On August 1, 1827, Phebe Prout of Windham, New York, celebrated the completion of her needlework sampler. Over one-hundred and fifty years later, Phebe’s great granddaughter, Phoebe Prout Smith, made the decision to give Phebe’s sampler away. Phoebe donated the sampler, along with a sampler made by her great-great grandmother, Mary “Polly” Benton, to the New York State Historical Association (NYSHA) in 1972 [1]. To some, it may seem sacrilegious to depart with a tangible piece of personal history as Phoebe had. What was Phoebe’s justification in donating the samplers to NYSHA?

Donations of this kind are not uncommon in museums and historical societies across the United States. People, for various reasons, can no longer house or keep their heirloom objects. Cultural institutions provide a safe, cost effective and charitable way of saving an object from destruction or deterioration. In the early 1970s, when Phoebe made her donation, she was eighty-one years old. She had retired from her work as a school teacher and was living with her sister, Mrs. Helen Rollins, in Oneonta, New York. Phoebe never married and had no children to bequeath the samplers to. She did have extended family living in Chicago and Vermont, but, perhaps, the closest and most reliable location to leave the samplers was NYSHA in nearby Cooperstown, New York [2].

Regardless of NYSHA’s integrity as a safeguard of New York state material culture, the decision to give the samplers away must have been a challenging one. Phebe’s sampler had survived through many generations of the Prout family. To this day, it remains intact despite a few small holes and staining. As Phoebe looked upon the sampler [below], she would have read her great grandmother’s stitched words, “Phebe Prout, sampler made in the 10th year of her age, Windham, August 1, 1827.” It is difficult, reading these words, not to imagine the day Phebe completed the work.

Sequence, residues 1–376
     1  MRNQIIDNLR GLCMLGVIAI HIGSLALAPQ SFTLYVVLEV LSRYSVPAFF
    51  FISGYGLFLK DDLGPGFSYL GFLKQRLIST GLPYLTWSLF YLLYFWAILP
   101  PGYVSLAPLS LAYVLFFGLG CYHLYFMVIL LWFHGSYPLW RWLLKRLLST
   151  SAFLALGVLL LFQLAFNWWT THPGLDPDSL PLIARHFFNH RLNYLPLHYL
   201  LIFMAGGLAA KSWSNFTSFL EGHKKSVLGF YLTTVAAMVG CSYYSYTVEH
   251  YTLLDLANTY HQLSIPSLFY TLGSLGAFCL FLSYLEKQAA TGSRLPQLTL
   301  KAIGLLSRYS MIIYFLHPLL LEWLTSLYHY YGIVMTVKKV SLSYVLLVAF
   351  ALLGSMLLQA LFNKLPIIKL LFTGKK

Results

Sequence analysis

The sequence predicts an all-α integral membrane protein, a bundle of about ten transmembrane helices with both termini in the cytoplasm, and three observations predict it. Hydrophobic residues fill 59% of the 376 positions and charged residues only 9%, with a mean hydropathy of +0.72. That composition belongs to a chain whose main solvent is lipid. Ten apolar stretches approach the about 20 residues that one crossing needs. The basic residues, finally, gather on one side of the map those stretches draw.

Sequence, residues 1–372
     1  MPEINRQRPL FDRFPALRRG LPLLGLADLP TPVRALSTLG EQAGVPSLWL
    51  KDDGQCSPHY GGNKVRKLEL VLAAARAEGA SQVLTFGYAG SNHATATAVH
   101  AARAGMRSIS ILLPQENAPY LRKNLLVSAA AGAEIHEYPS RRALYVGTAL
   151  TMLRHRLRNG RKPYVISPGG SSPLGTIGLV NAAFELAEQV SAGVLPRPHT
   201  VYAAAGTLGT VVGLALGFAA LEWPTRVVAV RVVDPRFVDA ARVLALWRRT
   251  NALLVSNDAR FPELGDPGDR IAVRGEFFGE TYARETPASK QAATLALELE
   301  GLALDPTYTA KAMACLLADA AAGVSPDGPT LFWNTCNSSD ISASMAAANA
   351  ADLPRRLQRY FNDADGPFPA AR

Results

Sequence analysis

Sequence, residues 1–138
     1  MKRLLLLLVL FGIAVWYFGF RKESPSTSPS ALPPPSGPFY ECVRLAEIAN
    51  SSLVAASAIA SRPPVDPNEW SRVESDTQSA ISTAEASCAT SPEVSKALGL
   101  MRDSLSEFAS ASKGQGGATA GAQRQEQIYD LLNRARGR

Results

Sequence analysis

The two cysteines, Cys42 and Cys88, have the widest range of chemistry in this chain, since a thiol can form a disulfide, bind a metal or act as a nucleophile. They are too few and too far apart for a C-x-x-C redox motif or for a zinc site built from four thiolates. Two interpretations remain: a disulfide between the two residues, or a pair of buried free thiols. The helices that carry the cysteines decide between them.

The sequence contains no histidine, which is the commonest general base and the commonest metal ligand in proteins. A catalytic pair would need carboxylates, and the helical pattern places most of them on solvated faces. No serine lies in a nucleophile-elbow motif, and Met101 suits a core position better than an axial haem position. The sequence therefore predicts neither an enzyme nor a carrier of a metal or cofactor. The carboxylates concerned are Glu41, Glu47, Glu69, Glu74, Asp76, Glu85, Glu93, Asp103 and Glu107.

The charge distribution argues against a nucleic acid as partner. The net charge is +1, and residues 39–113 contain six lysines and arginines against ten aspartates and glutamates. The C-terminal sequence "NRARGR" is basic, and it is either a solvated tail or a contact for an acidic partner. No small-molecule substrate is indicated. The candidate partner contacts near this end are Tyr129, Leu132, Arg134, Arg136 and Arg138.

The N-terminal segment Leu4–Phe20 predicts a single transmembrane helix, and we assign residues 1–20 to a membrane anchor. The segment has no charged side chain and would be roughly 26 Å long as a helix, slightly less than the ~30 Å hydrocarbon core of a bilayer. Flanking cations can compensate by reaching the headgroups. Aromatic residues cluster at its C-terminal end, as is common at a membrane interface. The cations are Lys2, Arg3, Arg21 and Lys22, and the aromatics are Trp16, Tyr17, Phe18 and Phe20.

Sampler, 1827, Phebe Prout Barlow, Linen and Silk Thread, H: 11.25in. X W: 12.5in., New York State Historical Association, Cooperstown, New York, Gift of Ms. Phoebe Prout Smith, N0412.1972. Photograph by Richard Walker.

Finishing a sampler was a significant accomplishment and an important part of a girl’s formal education in the seventeenth and eighteenth centuries. Only girls whose families could afford the materials and necessary leisure time were able to produce samplers [3]. Phebe’s sampler was stitched with brown, green, gold, and white silk on natural linen. She produced four iterations of the alphabet in different scripts, demonstrating skill and style. At the bottom of the sampler, Phebe stitched what needlework scholar, Lynne Anderson, refers to as hanging basket motifs, prominent in Connecticut and New York samplers.

The care, skill and attention to detail that Phoebe’s great grandmother put into her sampler is clear. Perhaps, while the quality of the piece, in addition to its personal significance to the Prout family, made the decision to donate difficult, these aspects also served as a point of pride. The acknowledgement that the Prout family samplers were of the caliber and historical importance to belong in NYSHA’s collection must have had meaning for Phoebe. For the eighty-one year old, NYSHA served as the best option to maintain her personal piece of New York state history in perpetuity.

[1] Sampler, 1827, Phoebe Prout Barlow, N0412.1972,  New York State Historical Association donor records.

[2] “Obituary,” The Windham Journal, Thursday, February 21, 1985, ancestry.com.

[3] Lynne Anderson, Samplers International: A World of Needlework (Eugene, Oregon: Sampler Consortium, 2011): 9.

By Greer Luce ’17